*Arnold Palmer has been quoted recently as saying, "My only problem is I'm standing too close to the ball after it lands." Or a variation: "I'm standing so close to the ball, I can hear it land."
All kidding aside, I've noticed in three recent instruction articles in Golf Digest that top teachers and players are advocating that it's better to stand too close to the ball at address than too far away. First, we hear from Golf Digest Teaching Professional Randy Smith, who writes in the November issue (on newsstands now, Bubba Watson on the cover):*
Closer is better than farther
I've gotten loads of putting advice from my friend Ben Crenshaw over the years, but it was long-game advice I heard him give on a telecast that can help an amateur player through the bag: "It's possible to stand too close to the ball, but nobody ever does."
Then I noticed that Michael Breed, in the same issue, advocates you stand closer on your chips:
*__Crowd your chip shots
__If your chipping is inconsistent, the fix could be as simple as standing closer to the ball. This will encourage you to swing the club more straight-back, straight-through, instead of on a rounded arc. A mental image that works great is to think about swinging the clubhead as if it were a Ferris wheel, straight up and down. *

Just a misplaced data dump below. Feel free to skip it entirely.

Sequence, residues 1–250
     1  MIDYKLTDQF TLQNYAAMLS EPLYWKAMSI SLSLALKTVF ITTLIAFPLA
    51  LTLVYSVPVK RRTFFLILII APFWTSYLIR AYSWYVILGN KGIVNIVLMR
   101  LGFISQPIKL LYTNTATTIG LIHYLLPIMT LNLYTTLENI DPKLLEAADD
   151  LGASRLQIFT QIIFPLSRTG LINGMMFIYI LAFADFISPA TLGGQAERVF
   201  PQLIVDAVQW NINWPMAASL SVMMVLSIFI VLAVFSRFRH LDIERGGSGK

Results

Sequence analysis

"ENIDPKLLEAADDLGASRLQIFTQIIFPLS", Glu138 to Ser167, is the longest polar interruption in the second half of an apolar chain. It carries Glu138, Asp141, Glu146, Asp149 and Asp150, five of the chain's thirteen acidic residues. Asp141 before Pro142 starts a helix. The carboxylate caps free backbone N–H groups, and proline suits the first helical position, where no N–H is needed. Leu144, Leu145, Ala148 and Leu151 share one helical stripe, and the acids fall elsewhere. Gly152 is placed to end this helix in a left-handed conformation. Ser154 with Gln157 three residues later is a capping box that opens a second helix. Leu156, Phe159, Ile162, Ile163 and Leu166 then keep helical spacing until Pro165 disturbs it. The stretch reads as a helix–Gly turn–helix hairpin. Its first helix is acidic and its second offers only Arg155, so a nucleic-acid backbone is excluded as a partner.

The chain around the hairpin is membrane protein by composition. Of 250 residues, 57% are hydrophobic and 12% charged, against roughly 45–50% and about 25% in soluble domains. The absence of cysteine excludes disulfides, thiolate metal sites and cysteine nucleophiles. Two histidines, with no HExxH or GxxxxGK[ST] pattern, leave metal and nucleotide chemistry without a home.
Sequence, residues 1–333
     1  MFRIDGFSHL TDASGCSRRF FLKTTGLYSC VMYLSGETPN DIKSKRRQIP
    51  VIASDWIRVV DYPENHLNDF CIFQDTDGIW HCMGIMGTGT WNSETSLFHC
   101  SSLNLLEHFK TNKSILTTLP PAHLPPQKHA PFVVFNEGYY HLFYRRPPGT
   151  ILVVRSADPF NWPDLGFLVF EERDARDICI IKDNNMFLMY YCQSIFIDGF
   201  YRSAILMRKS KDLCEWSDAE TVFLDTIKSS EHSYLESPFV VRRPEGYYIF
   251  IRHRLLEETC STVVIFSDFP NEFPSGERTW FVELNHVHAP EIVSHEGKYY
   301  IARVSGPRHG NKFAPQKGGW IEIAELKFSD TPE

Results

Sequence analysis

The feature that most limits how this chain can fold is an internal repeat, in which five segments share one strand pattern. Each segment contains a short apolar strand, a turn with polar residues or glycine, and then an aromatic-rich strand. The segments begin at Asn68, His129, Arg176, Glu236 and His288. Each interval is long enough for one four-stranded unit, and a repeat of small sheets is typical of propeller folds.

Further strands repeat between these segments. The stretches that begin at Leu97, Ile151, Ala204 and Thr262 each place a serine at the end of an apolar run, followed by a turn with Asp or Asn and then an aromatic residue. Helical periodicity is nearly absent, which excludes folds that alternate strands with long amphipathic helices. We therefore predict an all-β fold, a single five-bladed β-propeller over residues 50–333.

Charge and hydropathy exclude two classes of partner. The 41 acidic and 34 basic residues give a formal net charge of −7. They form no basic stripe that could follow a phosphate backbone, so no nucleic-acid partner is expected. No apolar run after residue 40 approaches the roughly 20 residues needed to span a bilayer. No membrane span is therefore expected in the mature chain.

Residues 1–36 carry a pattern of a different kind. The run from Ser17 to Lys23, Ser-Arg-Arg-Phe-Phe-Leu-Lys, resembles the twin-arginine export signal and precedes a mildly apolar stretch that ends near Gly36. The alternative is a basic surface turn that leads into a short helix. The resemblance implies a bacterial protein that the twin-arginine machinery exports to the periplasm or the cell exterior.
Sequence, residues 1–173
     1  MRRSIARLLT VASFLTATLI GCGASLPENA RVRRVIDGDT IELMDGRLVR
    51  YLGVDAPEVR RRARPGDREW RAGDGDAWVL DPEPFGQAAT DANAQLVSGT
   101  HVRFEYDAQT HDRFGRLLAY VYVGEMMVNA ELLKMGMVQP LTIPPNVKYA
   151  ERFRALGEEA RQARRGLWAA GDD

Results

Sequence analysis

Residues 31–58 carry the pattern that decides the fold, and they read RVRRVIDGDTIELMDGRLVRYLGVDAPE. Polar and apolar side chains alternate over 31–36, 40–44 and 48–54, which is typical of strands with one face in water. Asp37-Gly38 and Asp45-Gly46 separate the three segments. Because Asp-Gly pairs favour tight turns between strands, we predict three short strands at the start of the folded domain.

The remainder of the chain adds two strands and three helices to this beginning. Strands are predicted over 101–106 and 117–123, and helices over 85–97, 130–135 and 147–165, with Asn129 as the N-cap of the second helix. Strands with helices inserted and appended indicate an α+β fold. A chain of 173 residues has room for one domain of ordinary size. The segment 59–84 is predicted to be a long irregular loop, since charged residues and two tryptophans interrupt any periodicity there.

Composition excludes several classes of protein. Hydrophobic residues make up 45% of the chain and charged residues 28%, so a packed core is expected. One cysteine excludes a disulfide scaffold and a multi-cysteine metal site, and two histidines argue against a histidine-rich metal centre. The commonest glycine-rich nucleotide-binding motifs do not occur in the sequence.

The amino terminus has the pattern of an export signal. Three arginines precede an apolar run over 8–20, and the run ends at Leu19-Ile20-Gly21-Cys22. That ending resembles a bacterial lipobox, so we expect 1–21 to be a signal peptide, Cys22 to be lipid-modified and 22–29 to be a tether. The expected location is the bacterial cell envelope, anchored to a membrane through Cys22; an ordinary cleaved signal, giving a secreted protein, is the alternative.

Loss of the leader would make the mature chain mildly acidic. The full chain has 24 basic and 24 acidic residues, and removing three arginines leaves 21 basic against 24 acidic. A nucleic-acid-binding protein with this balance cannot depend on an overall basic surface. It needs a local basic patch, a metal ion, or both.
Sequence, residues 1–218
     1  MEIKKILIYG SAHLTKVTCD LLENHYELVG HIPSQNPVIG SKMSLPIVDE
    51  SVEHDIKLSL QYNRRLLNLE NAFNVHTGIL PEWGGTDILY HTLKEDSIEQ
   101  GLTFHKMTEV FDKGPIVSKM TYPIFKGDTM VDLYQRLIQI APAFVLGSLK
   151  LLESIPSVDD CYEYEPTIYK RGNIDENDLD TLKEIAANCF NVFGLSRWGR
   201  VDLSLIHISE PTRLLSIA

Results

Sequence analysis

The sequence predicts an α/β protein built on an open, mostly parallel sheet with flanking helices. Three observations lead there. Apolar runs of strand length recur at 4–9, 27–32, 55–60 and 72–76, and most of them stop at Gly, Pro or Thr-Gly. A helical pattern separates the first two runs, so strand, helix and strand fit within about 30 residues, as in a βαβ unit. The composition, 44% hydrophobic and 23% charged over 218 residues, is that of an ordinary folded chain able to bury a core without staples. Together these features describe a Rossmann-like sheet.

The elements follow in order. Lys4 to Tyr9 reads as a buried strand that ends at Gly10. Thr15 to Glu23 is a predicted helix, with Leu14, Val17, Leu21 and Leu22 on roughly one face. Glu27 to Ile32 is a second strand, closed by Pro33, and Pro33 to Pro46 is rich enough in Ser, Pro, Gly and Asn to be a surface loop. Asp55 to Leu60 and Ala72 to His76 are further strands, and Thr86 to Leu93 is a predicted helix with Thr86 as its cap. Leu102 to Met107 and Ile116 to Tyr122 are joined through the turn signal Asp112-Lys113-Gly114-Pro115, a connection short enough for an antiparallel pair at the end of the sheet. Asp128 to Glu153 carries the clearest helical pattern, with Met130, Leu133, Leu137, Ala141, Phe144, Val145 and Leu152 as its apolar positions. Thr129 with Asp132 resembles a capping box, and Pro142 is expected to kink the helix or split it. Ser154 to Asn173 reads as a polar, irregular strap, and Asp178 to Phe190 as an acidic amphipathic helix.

How close should you stand? The first time, get close enough so it feels a little uncomfortable, like you're crowding the ball. Then you know you're doing it about right.
Finally, look for Tom Watson's tip in the upcoming December issue (Webb Simpson on the cover). Here's part of what Tom says:
Don't reach for the ball
I rarely see anyone stand too close to the ball. In fact, I tend to agree with Byron Nelson and Johnny Miller, who've said you can't stand too close to it. To find your correct distance from the ball, get in your swing posture, and let your arms hang freely. Then bring your hands together. There's where you should grip every club in the bag.
Enough said. Hope this helps your game this weekend. See you on Monday with our Monday Swing Analysis.
-- *Roger Schiffman, Managing Editor
Follow me on Twitter: @RogerSchiffman